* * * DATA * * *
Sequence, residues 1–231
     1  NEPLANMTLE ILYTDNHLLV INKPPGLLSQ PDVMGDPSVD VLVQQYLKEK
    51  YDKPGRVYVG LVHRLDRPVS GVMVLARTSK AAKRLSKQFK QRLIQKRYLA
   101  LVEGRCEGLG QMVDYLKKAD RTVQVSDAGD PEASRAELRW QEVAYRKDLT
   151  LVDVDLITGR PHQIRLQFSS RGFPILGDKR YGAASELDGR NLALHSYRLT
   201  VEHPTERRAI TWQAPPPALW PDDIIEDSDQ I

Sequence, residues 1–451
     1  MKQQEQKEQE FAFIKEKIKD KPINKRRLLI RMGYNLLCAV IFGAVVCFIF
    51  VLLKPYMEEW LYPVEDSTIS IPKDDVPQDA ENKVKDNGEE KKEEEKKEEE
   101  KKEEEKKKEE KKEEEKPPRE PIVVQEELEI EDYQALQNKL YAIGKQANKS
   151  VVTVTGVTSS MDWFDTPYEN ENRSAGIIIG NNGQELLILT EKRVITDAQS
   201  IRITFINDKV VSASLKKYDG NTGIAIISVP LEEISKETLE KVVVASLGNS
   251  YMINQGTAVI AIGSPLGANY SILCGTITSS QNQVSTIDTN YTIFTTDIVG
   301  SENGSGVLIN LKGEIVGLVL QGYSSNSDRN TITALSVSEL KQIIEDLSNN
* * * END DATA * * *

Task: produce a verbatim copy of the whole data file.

Sequence, residues 1–231
     1  NEPLANMTLE ILYTDNHLLV INKPPGLLSQ PDVMGDPSVD VLVQQYLKEK
    51  YDKPGRVYVG LVHRLDRPVS GVMVLARTSK AAKRLSKQFK QRLIQKRYLA
   101  LVEGRCEGLG QMVDYLKKAD RTVQVSDAGD PEASRAELRW QEVAYRKDLT
   151  LVDVDLITGR PHQIRLQFSS RGFPILGDKR YGAASELDGR NLALHSYRLT
   201  VEHPTERRAI TWQAPPPALW PDDIIEDSDQ I

Sequence, residues 1–451
     1  MKQQEQKEQE FAFIKEKIKD KPINKRRLLI RMGYNLLCAV IFGAVVCFIF
    51  VLLKPYMEEW LYPVEDSTIS IPKDDVPQDA ENKVKDNGEE KKEEEKKEEE
   101  KKEEEKKKEE KKEEEKPPRE PIVVQEELEI EDYQALQNKL YAIGKQANKS
   151  VVTVTGVTSS MDWFDTPYEN ENRSAGIIIG NNGQELLILT EKRVITDAQS
   201  IRITFINDKV VSASLKKYDG NTGIAIISVP LEEISKETLE KVVVASLGNS
   251  YMINQGTAVI AIGSPLGANY SILCGTITSS QNQVSTIDTN YTIFTTDIVG
   301  SENGSGVLIN LKGEIVGLVL QGYSSNSDRN TITALSVSEL KQIIEDLSNN